City and Dicinity.
The New York Department.
THAT CLAM CHOWDER.
In our last we promised to give some account of the “house-warming” that took place at Department Headquarters last Saturday night, and also to make mention of the clam chowder over which “Plug,” we mean Jacobus, presided. The opening night was a success. The regenerated offices of the Department officers are elegant in every respect, and as convenient as they are elegant. Col. Jussen, Secretary of the Board, is responsible for the plan of regeneration, and has also had the supervision of the workmen who carried it out in detail Saturday night the large hall was resplendent with the light of a hundred (more or less) gas burners, and the light, reflected from the clean white walls and ceiling, and the profusion of white paint dazzled the eyes of all beholders.
There was a goodly company present to participate in the house-warming, among whom were a number of city officials, officers of the Department, and gentlemen* prominent in social and political circles. Commissioners King, Gorman, and Perjey, Colonel Jussen, Chief Bates, Assistant Chief Shay, and other gentlemen belonging to the Headquarters force, did the honors of the occasion in an elegant and graceful manner.
At half past eight there came a summons from the nether regions that the chowder was ready, and that “ Plug” was impatient to have it attended to at once. This invitation, accompanied by a most savory odor, that filled the atmosphere, had the effect of turning the crowd towards the first-floor. Here, in a long room on the right of the passage was discovered a lengthy table laden with soupplates, etc., while “ Plug,” like one of the witches in Macbeth, stood guard over a huge cauldron in a convenient recess in one corner. Hot coffee, clamchowder, and hard biscuit, were served to appreciative stomachs till they cried “ Hold, enough ! Clam-chowder has always been to us a mystery. Precisely what ingredients go to make this luscious compromise between soup and hash, we have never been able to ascertain, but we have no hesitation in declaring that if the mystery has ever been solved by mortal man, “Plug” Jacobus is that man. His chowder was simply delicious. From the steaming hot platefuls and the briskly boiling cauldron, there arose, like incense to high heaven, an aroma of clams, fresh, fat, and plenty of them ; t^rro was watted In upon our olfactory organs, also, the fragrance of a symptom of juicy oysters ; the same organs clearly detected moreover, just the suggestion of pork ; there was, furthermore, an intimation conveyed to our nasal protruberance of sea-biscuit—hard, crisp biscuit of the briny, which, in other days and under other circumstances, we knew as “ hard tack.” We felt like exclaiming, in the emphatic language of the late lamented Edwin Forrest, “Ha! ha! old friend, we know thee; disguise thyself as thou wilt, still shall our geat love for thee find thee out, and still have we stomach for thee!” There was also distinguishable the pungent perfume of the savory onion, and, amid all, there was perceptible, just the least aroma of all the spices of Araby the blest. Still, clamchowder is a mystery; as Dundreary says, “it is one of those things no feller can find out.” But that the chowder of “ Plug,” yclept for short Jacobus, was food fit for the gods, will he testified to unhesitatingly by the hundred or two favored persons who partook thereof, and who, while engaged in that satisfying process, elongated and expanded like cheap hose under pressure, nigh unto the bursting point. That chowder was sublime; in fact, as Chanfrau, he of “ Mose” celebrity would say, it was “bully.” After chowder there were cigars, chat and gossip, and the Commissioners were congratulated upon having secured the pleasantest suite of offices appertaining to the City Government,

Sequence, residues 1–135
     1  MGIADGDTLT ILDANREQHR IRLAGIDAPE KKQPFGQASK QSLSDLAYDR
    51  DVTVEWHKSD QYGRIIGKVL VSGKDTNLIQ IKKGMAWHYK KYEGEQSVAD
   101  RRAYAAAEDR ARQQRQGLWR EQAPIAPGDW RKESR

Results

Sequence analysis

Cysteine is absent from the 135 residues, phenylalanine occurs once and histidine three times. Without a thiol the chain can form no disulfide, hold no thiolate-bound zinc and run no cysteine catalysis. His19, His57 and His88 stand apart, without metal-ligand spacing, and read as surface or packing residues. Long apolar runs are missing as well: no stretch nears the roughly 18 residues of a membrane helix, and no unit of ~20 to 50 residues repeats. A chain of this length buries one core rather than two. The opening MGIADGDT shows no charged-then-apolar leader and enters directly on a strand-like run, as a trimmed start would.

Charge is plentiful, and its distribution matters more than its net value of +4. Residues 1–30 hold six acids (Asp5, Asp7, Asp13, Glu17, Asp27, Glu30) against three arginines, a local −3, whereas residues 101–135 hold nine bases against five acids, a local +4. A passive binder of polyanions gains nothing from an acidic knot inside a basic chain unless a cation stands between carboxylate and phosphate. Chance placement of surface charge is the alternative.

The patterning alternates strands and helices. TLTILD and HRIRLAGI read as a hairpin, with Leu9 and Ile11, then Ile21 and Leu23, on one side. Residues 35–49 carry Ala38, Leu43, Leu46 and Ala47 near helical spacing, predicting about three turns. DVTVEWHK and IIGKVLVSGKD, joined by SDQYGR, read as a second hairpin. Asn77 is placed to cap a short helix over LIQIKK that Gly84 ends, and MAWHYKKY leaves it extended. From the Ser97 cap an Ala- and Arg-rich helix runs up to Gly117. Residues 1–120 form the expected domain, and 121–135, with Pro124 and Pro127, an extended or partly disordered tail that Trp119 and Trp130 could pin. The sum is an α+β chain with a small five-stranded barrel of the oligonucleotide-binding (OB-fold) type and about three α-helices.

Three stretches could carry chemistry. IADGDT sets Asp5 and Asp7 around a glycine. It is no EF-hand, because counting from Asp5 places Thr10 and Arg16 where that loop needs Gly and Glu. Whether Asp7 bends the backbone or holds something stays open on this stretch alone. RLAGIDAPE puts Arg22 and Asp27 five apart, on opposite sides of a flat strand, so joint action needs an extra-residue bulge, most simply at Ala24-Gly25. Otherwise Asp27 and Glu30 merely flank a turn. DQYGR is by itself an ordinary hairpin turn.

After the house warming and the chowder, comes business. The new offices having been formally warmed, inspected and pronounced good, they were taken possession of on Monday by the several gentlemen to whom they are assigned, and “ Richard is himself again,” also Col. Jussen, Chief Bates, and “ Plug,” whose diminutive appellation is Jacobus.
BOARD OF FIRE COMMISSIONERS.
The following business was transacted at the meeting of the Board of Fire Commissioners on Wednesday.
Trials.—Fireman Edward H. Tobin, of Hook and Ladder Company No. 4, was charged with absence without leave. He was found guilty, and fined one day’s pay.
Patrick O’Brien, of same Company, was arraigned on same charge, also found guilty and fined one day’s pay.
Fireman Thomas Fowler, of Hook and Ladder Company No. 7, charged with absence without leave, and conduct prejudicial to good order, was found guilty and fined two days’ pay.